The Imperfection of Perfection
In Anne Tyler’s “Teenage Wasteland,” the reader is given insight into the difficulty of parenting through Daisy’s desperate attempt to stop her son from his seemingly uncontrollable downward spiral. The paranoia of her “perfect” parenting techniques leads to the tainting of Donny’s innocence over time and eventually his mysterious disappearance at the end of the story. Through symbols of innocence and corruption, Tyler demonstrates the importance of keeping one’s head clear and focused while parenting, and that using common sense and logic is far more effective than relying on idealism and hope.
In the first three lines of the story, the reader is given a sense of Donny’s virtue during youth and how it has changed over time. The author states, “He used to have very blonde hairalmost whitecut shorter than other children so that on his crown a little cowlick always stood up to catch the light” (Tyler 188). This sentence speaks plenty about Donny’s youth. The color white is often used to represent purity, signifying Donny’s innocence during youth. In the same respect, he has a cowlick that “stood up to catch the light” (Tyler 188). The light is another symbol for purity. Stating that Donny is catching the light indicates that he is taking in purity, or in other words, staying innocent. The first line also references his head as a crown. A crown normally represents importance. Thus, this first sentence shows the importance of Donny’s innocence to his mother. She believes Donny is perfect. This purity is short lived, however, and Donny’s innocence is eventually tainted. The author writes, “As he grew older, his hair grew darker, and he wore it longer-past his collar even” (Tyler 188). No longer white, Donny’s hair is now dark. His dark hair symbolizes the mystery and mischief of Donny’s teenage years. This is also apparent through the title of the story when Tyler describes Donny’s teenage years as a “wasteland.” It states that...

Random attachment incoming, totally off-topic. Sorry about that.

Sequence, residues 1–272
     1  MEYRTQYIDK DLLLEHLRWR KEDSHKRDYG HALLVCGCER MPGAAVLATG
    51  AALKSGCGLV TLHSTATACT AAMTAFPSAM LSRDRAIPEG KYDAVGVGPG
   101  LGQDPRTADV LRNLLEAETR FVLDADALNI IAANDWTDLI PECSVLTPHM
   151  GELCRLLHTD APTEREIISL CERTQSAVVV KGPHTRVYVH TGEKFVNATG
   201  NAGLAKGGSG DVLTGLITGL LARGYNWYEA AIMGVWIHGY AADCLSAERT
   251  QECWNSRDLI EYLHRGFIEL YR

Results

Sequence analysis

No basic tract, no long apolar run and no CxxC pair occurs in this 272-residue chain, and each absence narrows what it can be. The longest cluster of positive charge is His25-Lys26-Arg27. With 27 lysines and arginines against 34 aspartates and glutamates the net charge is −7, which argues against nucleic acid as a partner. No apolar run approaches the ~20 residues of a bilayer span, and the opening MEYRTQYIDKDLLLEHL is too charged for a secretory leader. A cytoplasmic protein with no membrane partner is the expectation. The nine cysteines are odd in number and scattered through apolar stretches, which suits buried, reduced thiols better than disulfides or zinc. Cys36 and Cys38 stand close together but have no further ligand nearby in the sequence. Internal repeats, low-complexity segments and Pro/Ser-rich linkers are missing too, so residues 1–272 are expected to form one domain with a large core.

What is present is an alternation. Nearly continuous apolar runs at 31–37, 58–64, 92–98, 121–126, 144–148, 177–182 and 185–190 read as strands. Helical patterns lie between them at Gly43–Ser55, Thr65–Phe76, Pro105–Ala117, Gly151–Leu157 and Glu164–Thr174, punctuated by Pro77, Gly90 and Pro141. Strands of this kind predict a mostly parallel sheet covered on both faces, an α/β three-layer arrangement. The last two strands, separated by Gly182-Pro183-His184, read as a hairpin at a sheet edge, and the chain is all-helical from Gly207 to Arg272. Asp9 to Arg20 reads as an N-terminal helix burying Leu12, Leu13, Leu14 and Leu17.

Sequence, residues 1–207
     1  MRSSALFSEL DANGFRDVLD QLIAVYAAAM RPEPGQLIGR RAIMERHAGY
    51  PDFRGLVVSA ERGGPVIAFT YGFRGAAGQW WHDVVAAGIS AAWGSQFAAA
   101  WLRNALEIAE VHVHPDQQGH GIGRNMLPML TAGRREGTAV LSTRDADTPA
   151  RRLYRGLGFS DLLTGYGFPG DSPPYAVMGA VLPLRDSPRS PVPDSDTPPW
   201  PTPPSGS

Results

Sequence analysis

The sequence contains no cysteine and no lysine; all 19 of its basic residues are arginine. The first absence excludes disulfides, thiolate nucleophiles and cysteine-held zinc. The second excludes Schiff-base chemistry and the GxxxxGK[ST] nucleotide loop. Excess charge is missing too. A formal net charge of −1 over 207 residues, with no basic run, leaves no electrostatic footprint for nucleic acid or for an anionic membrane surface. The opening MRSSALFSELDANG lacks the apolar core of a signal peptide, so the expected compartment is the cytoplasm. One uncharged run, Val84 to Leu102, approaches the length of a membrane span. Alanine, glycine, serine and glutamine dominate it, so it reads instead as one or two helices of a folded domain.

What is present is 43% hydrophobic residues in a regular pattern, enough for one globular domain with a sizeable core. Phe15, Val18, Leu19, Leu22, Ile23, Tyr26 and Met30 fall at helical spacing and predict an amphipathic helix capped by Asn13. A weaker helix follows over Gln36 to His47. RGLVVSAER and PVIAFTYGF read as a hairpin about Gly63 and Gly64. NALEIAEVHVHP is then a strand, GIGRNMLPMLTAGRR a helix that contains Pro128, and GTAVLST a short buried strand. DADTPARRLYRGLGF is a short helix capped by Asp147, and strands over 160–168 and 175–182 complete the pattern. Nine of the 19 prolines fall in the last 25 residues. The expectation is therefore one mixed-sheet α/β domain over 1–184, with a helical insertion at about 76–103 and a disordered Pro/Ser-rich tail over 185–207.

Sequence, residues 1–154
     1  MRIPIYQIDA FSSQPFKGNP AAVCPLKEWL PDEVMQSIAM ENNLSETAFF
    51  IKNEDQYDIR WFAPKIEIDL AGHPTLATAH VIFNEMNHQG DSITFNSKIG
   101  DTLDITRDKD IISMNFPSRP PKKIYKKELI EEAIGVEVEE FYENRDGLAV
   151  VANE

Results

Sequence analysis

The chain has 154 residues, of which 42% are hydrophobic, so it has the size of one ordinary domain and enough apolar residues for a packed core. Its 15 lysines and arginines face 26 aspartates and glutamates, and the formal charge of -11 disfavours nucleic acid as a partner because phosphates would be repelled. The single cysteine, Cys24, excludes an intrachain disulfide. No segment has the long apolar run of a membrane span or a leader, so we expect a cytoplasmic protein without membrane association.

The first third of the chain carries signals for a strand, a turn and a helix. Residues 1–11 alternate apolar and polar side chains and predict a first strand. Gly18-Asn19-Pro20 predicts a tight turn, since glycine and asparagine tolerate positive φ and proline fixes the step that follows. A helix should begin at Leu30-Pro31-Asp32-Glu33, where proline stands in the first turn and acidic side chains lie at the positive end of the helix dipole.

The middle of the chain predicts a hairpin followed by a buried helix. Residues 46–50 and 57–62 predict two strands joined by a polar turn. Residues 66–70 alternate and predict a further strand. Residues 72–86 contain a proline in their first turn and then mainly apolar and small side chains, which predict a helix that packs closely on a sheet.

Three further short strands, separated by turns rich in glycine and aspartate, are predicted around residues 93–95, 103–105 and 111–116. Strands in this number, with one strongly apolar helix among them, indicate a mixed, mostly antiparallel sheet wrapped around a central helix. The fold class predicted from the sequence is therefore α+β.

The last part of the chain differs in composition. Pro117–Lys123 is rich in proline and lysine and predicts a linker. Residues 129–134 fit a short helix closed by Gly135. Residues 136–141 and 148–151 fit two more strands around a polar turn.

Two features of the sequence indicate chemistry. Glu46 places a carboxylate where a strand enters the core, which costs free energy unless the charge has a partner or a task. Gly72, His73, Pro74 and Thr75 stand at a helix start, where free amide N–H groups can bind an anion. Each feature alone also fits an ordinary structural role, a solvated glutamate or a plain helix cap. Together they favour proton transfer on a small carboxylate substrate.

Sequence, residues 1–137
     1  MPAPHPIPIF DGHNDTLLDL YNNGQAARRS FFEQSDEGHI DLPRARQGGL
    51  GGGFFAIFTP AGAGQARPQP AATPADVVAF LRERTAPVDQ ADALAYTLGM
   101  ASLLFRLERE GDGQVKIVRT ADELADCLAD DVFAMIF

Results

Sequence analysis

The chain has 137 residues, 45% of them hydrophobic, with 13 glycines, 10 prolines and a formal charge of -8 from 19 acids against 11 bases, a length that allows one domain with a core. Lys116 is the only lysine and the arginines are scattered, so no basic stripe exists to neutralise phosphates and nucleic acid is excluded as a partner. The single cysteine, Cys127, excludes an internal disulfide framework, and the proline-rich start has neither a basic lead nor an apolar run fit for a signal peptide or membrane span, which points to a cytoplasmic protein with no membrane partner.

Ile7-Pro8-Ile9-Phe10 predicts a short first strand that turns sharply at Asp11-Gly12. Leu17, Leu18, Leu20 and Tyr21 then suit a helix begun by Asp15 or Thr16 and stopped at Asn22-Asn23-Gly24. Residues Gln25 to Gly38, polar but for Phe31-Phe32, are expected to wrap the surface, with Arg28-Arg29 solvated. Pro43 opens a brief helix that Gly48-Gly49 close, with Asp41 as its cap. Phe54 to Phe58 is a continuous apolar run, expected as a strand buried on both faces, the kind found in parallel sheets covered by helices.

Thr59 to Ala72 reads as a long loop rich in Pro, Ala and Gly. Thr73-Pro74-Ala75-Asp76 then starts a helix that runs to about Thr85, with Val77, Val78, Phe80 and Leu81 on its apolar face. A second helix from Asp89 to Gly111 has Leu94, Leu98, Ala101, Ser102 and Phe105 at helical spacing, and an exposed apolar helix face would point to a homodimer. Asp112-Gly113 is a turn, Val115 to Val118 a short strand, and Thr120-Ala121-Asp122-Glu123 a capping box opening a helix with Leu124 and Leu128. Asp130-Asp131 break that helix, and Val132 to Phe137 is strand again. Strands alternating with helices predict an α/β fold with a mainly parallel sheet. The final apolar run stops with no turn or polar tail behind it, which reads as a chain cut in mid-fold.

Cited: Tyler, Anne. "Teenage Wasteland." Literature: An Introduction to Fiction, Poetry, Drama, and Writing. Ed. X. J. Kennedy and Dana Gioia. 12th ed. Boston: Longman, 2012. 188-95. Print.
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